The passive style
The passive style of assertiveness tends to put the needs of others before their own. They may feel that they don’t have the right to be assertive. This may come from a feeling of inferiority. A result of bullying by others who believe they are more powerful or superior to them. Consequently they may feel that their needs are not as important as those of others.
They may feel it is too difficult to be assertive. Perhaps they believe that they are incompetent or weak. Or that their decisions will be ridiculed for being the wrong decision. They have such a poor sense of self that it is easier to let others make the decisions for them.
Often the passive person is a peacekeeper. Even though they may not be happy with the decisions made, it may seem easier just to go along with the decision. It keeps the peace rather than making a fuss. But over time, this can lead to resentment as the needs of that person are continually overlooked.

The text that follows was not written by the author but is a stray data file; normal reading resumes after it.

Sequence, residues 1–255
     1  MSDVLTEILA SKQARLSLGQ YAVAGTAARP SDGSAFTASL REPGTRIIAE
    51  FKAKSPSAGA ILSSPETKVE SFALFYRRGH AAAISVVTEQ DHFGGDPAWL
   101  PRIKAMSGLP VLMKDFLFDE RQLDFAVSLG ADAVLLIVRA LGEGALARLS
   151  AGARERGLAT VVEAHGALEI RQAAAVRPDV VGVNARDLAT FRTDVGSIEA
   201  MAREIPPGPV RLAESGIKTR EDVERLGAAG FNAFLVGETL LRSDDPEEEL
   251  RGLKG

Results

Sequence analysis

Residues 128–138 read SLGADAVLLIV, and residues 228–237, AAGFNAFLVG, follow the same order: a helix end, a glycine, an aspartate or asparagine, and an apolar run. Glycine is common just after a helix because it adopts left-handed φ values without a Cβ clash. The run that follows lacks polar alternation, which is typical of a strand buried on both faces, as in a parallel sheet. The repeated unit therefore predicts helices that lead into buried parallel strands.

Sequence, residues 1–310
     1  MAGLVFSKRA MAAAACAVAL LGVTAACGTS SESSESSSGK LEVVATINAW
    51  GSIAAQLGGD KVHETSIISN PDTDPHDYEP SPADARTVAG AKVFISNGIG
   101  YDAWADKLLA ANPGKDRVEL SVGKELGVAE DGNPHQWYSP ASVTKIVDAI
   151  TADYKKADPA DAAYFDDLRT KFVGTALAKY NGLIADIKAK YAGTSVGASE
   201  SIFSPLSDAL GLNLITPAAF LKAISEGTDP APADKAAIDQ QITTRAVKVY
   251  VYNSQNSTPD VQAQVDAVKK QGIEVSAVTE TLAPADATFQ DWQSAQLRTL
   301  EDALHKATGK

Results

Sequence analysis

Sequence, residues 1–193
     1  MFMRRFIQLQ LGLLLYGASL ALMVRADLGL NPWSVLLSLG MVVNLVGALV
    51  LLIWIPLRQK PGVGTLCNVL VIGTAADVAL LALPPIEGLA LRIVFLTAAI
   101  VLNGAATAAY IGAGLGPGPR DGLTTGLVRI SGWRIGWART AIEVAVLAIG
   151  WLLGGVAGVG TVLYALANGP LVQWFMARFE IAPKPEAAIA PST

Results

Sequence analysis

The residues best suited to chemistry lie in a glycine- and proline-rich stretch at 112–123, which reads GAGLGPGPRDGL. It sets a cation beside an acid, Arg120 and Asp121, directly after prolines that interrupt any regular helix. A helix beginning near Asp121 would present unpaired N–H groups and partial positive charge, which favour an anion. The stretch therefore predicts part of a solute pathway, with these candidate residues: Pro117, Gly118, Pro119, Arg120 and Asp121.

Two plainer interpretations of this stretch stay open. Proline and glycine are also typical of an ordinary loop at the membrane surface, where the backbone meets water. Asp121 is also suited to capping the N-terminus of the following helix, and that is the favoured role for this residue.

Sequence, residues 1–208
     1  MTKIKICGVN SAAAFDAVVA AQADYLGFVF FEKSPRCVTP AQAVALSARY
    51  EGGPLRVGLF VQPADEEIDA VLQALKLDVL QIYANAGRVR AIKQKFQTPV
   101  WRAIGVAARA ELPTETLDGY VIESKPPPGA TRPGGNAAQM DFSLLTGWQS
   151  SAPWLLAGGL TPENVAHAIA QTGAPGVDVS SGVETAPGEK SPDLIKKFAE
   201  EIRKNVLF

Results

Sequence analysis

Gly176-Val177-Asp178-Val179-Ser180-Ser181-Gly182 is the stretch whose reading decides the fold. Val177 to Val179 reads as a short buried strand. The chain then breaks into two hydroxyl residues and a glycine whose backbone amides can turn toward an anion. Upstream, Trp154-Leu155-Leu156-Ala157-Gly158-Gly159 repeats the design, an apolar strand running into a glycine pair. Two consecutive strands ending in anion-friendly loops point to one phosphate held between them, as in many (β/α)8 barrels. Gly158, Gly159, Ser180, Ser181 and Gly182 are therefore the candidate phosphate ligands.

The passive person may have low self-esteem, struggle with depression or other emotional or physical complaints. This can compound the passive style. People are never at their most assertive when at a low ebb. It is so much easier to go with the flow.
Unfortunately, the passive style can lead to a loss of respect of those around them as they find it so difficult to stand up for themselves.
The aggressive style
The aggressive style stands up for the persons rights, but they can generally be pushy and inappropriate in their approach.
This style tends to offend the feelings of others, and ignore their rights. But they firmly believe in their own. They either don’t believe or forget that others rights are just as equal.